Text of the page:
This research is concerned with field allocation (fenye 分野) maps found across the popular Ming encyclopedias, beginning from the early seventeenth century. Field allocation is a system of relationships between terrestrial space, more precisely the territory of the Chinese imperial realm, and celestial space. A correlation is established between the units of administrative territorial divisions of the Chinese Empire and the twenty-eight lunar lodges (Ershiba xiu 二十八宿). The correlative cosmology is a well-known instrument of divination characteristic of the Chinese culture. Yet, the maps in question, despite being authentic visual sources on the earth-heavens correspondences, are often overlooked.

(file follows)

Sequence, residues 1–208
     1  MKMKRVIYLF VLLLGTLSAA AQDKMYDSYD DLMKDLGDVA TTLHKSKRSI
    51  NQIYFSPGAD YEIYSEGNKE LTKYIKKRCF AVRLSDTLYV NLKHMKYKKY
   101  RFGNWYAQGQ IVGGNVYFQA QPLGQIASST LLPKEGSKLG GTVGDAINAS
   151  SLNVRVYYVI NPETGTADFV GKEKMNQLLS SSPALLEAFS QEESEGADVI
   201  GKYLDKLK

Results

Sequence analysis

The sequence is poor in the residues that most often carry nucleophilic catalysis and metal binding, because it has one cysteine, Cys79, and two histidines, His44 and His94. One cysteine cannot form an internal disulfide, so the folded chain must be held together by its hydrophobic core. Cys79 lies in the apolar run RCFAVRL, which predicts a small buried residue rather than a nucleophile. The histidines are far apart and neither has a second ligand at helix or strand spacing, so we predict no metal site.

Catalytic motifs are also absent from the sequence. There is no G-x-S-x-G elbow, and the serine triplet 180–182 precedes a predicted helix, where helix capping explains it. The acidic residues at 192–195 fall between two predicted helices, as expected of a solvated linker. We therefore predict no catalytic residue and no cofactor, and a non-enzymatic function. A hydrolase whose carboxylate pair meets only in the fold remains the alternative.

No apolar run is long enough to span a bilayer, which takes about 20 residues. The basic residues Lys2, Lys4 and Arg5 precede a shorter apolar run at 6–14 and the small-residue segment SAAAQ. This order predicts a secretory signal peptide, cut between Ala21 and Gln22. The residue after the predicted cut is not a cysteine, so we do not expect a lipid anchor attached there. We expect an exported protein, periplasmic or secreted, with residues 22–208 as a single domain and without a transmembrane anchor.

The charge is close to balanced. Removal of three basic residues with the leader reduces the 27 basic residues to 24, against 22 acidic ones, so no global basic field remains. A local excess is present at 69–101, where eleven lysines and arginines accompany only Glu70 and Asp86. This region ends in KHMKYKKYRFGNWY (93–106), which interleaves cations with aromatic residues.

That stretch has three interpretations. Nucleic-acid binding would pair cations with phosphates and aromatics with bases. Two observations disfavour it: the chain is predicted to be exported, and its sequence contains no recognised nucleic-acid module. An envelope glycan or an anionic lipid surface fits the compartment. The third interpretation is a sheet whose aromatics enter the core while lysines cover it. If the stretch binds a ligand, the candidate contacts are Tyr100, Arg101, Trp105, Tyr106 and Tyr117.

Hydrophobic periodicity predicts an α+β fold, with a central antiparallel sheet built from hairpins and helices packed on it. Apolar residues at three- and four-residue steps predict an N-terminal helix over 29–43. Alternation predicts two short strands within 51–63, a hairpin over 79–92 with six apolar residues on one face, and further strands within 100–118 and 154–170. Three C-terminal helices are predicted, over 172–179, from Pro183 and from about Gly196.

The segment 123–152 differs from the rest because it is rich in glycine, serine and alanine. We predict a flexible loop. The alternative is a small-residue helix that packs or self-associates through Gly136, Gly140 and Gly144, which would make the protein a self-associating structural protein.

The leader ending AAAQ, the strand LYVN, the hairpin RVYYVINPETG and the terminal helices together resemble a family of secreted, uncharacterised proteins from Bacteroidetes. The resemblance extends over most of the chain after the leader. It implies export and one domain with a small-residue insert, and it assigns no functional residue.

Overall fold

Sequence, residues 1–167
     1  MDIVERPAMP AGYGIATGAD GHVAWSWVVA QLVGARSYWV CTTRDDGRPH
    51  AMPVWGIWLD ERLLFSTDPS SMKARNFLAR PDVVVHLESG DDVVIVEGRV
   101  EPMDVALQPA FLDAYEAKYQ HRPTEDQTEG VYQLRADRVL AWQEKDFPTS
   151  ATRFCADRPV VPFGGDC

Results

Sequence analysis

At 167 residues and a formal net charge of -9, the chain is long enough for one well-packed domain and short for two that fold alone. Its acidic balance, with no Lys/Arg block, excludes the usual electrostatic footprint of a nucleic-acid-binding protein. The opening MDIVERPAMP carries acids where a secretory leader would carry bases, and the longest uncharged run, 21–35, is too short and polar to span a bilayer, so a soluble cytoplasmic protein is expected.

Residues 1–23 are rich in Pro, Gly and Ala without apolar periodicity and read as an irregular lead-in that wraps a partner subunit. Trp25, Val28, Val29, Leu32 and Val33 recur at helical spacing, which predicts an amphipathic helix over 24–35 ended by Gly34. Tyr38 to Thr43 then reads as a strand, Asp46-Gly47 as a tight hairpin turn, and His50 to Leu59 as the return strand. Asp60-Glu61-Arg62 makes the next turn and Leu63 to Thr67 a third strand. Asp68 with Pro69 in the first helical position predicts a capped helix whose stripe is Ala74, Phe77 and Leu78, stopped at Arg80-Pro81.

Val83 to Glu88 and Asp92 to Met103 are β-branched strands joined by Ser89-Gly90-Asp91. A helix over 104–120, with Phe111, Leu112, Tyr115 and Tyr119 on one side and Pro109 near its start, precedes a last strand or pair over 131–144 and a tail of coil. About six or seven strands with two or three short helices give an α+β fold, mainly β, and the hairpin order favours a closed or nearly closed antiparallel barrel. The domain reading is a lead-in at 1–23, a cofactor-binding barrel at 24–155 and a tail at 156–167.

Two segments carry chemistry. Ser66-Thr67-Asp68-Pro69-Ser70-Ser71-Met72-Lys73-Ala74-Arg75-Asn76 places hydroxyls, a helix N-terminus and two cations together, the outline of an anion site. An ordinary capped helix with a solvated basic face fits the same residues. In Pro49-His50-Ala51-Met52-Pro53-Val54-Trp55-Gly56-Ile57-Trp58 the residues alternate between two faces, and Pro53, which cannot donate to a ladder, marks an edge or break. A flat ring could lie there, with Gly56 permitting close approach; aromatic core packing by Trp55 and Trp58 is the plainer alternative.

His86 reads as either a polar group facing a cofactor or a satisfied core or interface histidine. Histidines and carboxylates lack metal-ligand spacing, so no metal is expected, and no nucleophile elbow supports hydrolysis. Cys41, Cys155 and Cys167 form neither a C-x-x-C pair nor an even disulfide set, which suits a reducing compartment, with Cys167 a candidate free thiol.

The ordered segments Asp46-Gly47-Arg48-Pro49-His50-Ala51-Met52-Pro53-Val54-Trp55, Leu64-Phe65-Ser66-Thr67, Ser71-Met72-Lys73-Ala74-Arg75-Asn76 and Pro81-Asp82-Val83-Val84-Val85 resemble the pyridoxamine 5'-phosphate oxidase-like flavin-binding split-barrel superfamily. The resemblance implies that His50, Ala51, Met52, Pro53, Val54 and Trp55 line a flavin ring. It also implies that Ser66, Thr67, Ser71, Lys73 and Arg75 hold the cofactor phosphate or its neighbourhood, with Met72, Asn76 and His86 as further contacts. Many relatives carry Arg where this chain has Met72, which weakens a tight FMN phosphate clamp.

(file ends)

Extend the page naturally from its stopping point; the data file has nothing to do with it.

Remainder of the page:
The main goals of the study are to trace the conceptual origins of the field allocation maps back to the early Chinese cosmography in all their complexity; to determine the reasons of the emergence of popular field allocation maps in the early seventeenth century and study their specific usage for divination; and, finally, to call attention to the evolution and a long-term after-life of the field-allocation type maps up to the early twentieth century equally overlooked in scholarly literature.